Pulmonary Complications of Major Abdominal Surgery May Be Increasing in US

Laurie Barclay, MD

May 31, 2007

May 31, 2007 (Dallas) — The number of pulmonary complications after major abdominal surgery increased in the United States between 1989 and 2004, according to a presentation at the Society for Hospital Medicine annual meeting.

"Stratified by age group, pulmonary complications increased predominantly in women aged 45 to 64 years, but they also increased in both men and women aged 65 years and older," author and presenter Carlos H. Orces, MD, a rheumatologist at the University of Texas Health Science Center at San Antonio, told Medscape. "Logistic regression analysis adjusted by age and sex showed that overall pulmonary complications increased in the US during the study period. However, specific complications, such as pneumonia, ARDS [acute respiratory distress syndrome], and respiratory failure, increased significantly, whereas atelectasis and pleural effusions decreased over time."

Although pulmonary complications after abdominal surgery cause significant morbidity and mortality and prolong hospital stays, there are few data available concerning national trends in postoperative pulmonary complications.

Dr. Orces used the National Hospital Discharge Survey to generate estimates of selected abdominal operations and postoperative pulmonary complications in all patients 18 years of age and older who underwent abdominal surgery between 1989 and 2004. Specific procedures evaluated were splenectomy, gastrectomy, vagotomy, partial excision of the large intestine, total colectomy, appendectomy, abdominal perineal resection of the rectum, cholecystectomy, radical pancreaticoduodenectomy, and exploratory laparatomy.

Postoperative pulmonary complications were defined as pneumonia, atelectasis, respiratory failure, ARDS, and pleural effusion. The Mantel-Haenszel test for trend was used to determine the proportion of postoperative pulmonary complications after abdominal surgery, stratified by sex and age, during the following periods: 1989-1992, 1993-1996, 1997-2000, and 2001-2004.

In the United States between 1989 and 2004, the estimated number of major abdominal operations performed was 12,897,800. Postoperative pulmonary complications occurred after surgery in 388,400 men (7.8%), mean age 63 ± 16.9 years, and in 452,800 women (5.7%), mean age 65 ± 17.2 years.

The proportion of pulmonary complications was higher in men than in women and increased exponentially with age. Mean hospital stay was 16 ± 18.1 days for patients with pulmonary complications and 6 ± 8.5 days for those without complications. In-hospital mortality after abdominal surgery was 3.1% in men (n = 155,300) and 1.9% in women (n = 152,800). However, the case-fatality rates for men (1.0 vs 2.1) and women (0.7 vs 1.3) with pulmonary complications remained relatively low.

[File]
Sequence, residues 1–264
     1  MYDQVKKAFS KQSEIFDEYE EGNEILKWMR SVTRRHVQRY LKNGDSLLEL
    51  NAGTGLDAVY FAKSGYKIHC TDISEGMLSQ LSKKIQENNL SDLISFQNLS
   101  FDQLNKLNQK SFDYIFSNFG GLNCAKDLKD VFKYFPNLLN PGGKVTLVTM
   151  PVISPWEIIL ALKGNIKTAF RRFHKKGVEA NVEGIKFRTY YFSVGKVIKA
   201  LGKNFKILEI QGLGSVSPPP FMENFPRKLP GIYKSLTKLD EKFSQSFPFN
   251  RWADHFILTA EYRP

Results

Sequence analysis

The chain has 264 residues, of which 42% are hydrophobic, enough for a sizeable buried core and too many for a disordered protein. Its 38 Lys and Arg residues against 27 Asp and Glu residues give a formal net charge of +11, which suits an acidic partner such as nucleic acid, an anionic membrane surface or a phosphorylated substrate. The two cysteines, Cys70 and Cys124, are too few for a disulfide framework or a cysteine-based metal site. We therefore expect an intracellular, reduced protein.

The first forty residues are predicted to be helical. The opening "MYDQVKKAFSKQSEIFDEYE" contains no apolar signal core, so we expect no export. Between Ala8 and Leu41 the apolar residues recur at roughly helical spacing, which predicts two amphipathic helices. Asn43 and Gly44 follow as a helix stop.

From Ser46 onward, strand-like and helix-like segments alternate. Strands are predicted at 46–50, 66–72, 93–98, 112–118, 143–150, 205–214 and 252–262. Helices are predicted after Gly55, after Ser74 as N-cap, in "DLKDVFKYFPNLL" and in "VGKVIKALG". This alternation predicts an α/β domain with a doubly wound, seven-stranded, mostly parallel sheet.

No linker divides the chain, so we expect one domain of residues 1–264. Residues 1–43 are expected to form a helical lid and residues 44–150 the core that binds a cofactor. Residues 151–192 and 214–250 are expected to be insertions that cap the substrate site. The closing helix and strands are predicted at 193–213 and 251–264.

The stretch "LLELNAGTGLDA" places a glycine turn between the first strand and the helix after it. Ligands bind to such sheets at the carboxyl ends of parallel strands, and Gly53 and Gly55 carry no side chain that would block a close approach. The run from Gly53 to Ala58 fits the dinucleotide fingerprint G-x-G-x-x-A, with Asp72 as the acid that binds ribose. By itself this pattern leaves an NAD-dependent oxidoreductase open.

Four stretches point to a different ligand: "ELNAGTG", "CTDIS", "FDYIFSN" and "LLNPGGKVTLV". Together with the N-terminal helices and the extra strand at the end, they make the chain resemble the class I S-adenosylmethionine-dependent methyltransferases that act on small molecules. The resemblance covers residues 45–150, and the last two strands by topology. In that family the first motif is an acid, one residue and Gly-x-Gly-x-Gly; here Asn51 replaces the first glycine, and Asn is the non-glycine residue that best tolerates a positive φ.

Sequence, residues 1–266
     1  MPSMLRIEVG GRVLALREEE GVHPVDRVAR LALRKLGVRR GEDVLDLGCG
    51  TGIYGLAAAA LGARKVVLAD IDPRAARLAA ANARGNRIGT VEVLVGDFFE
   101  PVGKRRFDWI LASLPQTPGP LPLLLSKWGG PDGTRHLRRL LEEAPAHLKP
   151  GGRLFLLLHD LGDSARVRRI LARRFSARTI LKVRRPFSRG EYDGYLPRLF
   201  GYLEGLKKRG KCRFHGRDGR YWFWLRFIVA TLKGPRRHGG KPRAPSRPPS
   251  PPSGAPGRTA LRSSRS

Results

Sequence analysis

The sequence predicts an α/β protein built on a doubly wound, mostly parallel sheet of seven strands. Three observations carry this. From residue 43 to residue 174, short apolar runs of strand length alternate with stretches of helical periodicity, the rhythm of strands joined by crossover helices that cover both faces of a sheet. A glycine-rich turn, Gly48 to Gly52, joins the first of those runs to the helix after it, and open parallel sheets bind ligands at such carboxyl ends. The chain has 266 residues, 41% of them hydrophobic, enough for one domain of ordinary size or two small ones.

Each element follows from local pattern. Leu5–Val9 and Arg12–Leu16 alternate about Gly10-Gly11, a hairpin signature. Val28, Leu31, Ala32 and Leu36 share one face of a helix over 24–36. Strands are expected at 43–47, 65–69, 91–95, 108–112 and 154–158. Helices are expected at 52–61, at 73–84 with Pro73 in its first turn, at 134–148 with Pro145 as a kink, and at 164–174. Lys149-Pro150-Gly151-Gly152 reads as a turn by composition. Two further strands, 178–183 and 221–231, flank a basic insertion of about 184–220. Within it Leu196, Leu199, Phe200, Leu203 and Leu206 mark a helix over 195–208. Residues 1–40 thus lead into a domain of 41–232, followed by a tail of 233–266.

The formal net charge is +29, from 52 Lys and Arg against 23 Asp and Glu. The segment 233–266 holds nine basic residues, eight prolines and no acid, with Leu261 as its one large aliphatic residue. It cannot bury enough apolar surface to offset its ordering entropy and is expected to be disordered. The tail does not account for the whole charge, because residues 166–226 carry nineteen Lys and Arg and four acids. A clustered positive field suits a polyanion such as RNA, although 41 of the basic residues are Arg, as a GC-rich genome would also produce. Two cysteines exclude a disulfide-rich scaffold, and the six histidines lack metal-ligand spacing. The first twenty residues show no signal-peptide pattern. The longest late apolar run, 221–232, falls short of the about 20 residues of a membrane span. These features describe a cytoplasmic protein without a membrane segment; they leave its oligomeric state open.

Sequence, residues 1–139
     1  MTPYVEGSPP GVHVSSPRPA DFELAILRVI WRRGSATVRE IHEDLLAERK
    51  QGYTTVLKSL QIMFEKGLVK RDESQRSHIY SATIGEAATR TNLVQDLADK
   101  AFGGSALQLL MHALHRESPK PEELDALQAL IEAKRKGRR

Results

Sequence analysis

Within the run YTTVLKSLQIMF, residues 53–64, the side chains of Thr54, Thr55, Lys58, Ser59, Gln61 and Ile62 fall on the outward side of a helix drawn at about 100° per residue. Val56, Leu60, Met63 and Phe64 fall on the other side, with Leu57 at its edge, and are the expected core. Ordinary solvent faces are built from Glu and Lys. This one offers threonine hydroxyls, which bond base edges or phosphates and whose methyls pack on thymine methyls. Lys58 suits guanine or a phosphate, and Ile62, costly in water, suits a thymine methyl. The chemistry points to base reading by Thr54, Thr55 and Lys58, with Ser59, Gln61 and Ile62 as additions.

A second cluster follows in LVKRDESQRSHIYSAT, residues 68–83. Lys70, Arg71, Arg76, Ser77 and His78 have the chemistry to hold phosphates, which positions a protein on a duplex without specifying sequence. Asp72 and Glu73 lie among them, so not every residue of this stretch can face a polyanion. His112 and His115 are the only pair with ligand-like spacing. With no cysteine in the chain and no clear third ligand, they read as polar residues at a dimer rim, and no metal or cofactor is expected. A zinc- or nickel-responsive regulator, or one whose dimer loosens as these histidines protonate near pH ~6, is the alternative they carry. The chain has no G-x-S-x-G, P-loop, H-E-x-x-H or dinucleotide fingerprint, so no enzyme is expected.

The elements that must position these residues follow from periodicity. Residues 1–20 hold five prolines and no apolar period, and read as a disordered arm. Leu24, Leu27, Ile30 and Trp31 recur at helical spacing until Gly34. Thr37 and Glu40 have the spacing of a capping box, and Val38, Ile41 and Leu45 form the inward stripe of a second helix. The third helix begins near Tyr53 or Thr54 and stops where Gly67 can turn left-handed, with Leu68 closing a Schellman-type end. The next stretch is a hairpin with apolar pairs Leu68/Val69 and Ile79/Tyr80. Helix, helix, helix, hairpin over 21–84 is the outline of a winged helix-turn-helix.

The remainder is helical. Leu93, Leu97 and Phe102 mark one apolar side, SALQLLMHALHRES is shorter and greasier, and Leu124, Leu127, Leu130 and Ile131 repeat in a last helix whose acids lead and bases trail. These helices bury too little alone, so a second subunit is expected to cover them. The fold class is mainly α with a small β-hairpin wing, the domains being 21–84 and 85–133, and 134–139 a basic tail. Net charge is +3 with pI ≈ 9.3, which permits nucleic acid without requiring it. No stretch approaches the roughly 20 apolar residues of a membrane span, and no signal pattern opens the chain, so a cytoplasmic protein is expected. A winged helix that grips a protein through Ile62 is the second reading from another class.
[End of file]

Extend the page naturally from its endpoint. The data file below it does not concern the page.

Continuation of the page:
Trend analysis showed that pulmonary complication rates increased significantly during the study period for all age groups, except for men younger than 45 years and men between 45 and 64 years. Overall, the odds ratio (OR) for pulmonary complications during the 2001-2004 period vs the 1989-1992 period was 1.21 (95% confidence interval [CI], 1.21 - 1.22).

"This study gives statistically important data [for] 15 years' experience, and demonstrates an increasing rate of postoperative pulmonary complications following abdominal operations through the years both in men and women," Fikret Kanat, MD, a pulmonologist in the Department of Chest Diseases, Meram Medical School of Selcuk University, in Konya, Turkey, told Medscape. Dr. Kanat was not involved in this study, but was asked to provide independent commentary.

"It is interesting to see higher complication rates through the years despite new surgical techniques," Dr. Kanat said. "Higher complication rates through the years may be a result of more aggressive surgeries defined for various malignant diseases."

Pneumonia, ARDS, and respiratory failure increased significantly over the 4 time periods of the study, whereas atelectasis and pleural effusions decreased over time.

"I do not have a clear explanation [for] these findings; however, the use of postoperative incentive spirometry may explain, in part, the decrease in rates for atelectasis," Dr. Orces said. "I believe further research should be focused on surgical procedures at risk for pulmonary complications. For example, I found that upper abdominal surgeries, such as gastrectomy and vagotomy, are associated with a higher proportion of pulmonary complications (up to 40%)."

Compared with the 1989-1992 period, the 2001-2004 period was associated with increased odds ratios for pneumonia (OR, 1.31; 95% CI, 1.29 - 1.32), ARDS (OR, 2.56; 95% CI, 2.51 - 2.61), and respiratory failure (OR, 2.24; 95% CI, 2.21 - 2.28), but decreased odds ratios for atelectasis (OR, 0.86; 95% CI, 0.86 - 0.87) and pleural effusions (OR, 0.58; 95% CI, 0.57 - 0.59).

In terms of future research, both Dr. Orces and Dr. Kanat recommended additional analyses adjusted for comorbid conditions such as chronic obstructive pulmonary disease or asthma.

"This study may be broadened by assessing the relationship of various pulmonary complications with operation types," Dr. Kanat said. "Through the years, operations for malignant diseases have increased, and postoperative pulmonary complications following such surgeries may be more specific than the others. Pulmonary complications following laparoscopic surgeries may also be compared with the other types."

Dr. Orces and Dr. Kanat report no relevant financial relationships.

Hospital Medicine 2007: Abstract 49. May 23-25, 2007.

 

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